Tips for using Unix

Over the years I have developed and gotten from others useful methods I use in Unix. Every so often I will add to this list. At present it contains tips on X windows, mail processing, appointment calendar, diagrams and figures, text editing, version control, TeX processing, HTML authoring, file searching, saving, and deletion, accessing the web, shell commands, music and video, calculations, working from home or on the road, printing, virtual environments, and password maintenance.

X windows

Mail processing

Appointment calendar

Diagrams and figures

Text editing

Version control

TeX processing

HTML authoring

File searching, saving, and deletion

Accessing the web

  1. Usually you access the web using a browser. You are likely to be happy with firefox. If firefox crashes, it sometimes leaves a lock file that prevents you from starting it again. You can remove that lock this way:
    rm -f ~/.mozilla/firefox/*/{lock,.parentlock}
  2. You might prefer opera or konqueror. For very fast start up but limited features (no JavaScript, for instance), I can recommend dillo. Not all these browsers are installed on our machines, though.
  3. If you find yourself in an environment where you need a text-only browser, consider lynx or www-browser.
  4. If all you want to do is fetch a file given a URL (whether it is http or ftp), you might be happy with wget.
  5. The ncftp program is an enhanced ftp client, knowing how to log in anonymously and remember places you have visited. Such a client lets you navigate the file system of a remote site, if the site allows such ftp access.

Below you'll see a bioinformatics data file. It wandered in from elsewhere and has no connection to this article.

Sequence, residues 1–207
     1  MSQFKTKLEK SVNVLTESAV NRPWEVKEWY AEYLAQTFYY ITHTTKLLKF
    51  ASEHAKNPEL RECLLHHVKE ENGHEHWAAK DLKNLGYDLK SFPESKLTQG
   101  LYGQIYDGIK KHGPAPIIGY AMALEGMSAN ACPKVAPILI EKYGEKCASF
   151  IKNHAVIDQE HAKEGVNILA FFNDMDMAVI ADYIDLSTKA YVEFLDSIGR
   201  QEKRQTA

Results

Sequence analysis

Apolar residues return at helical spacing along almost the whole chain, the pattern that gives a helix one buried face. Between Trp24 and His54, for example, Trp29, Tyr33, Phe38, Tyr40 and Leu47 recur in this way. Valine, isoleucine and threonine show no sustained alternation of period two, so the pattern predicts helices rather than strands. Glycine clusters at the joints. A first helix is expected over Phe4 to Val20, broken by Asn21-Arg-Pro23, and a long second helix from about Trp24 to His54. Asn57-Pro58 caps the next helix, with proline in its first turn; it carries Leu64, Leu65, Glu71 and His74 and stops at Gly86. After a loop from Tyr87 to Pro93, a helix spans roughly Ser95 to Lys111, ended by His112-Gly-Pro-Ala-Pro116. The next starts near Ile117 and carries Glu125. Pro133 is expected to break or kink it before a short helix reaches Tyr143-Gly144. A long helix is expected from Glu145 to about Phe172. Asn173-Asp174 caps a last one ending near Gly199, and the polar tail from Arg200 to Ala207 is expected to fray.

Shell commands

  1. Unix provides many different shells to choose among. I prefer tcsh; others like bash. Both provide a way to re-submit commands from your recent history and to edit those commands. Both can read start-up files to establish your favorite settings. For tcsh, the start-up file is ~/.tcshrc; for bash, it's ~/.bashrc.
  2. tcsh lets you specify how you would like commands completed (which happens when you enter the tab key). I suggest you place the following commands in your startup file:
    complete cd 'n/*/d/' # first arg of cd must be a directory
    complete 'dvips' 'n/*/f:*.dvi/' # only dvips the right files
    complete 'xdvi' 'n/*/f:*.dvi/' # only xdvi the right files
    complete 'xpdf' 'n/*/f:*.pdf/' # only xpdf the right files
    bindkey -v # use vi-style commands to edit command lines
  3. You can establish useful command aliases. I use the following frequently:
    alias view 'vi +/\!\!:1/ `grep -l \!\!*`' Edit files containing a given string.
    alias ls 'ls -F' List files with suffixes showing type.
    alias lst 'ls -Llt \!\!* | less' List files newest first.
    alias rm 'rm -i' Remove files carefully.
    alias pd 'pushd' Switch directory, saving old directory on a stack.
    alias nd 'mkdir \!\!$ ; cd \!\!$' Create a new directory and switch to it.
    alias showtar 'gunzip -c < \!\!* | tar tf - ' Display the contents of a tar.gz file.
    alias showbtar 'bunzip2 < \!\!* | tar tf - ' Display the contents of a tar.bz2 file.
    alias maketar 'tar cf - \!\!* | gzip > \!\!$.tar.gz' Create a tar.gz file.
    alias makebtar 'tar cf - \!\!* | bzip2 > \!\!$.tar.bz2' Create a tar.bz2 file.
    alias untar 'gunzip -c < \!\!* | tar xf - ' Unpack a tar.gz file.
    alias unbtar 'bunzip2 < \!\!* | tar xf - ' Unpack a tar.bz2 file.

Music and video


Working from home or on the road


Virtual environments

Password maintenance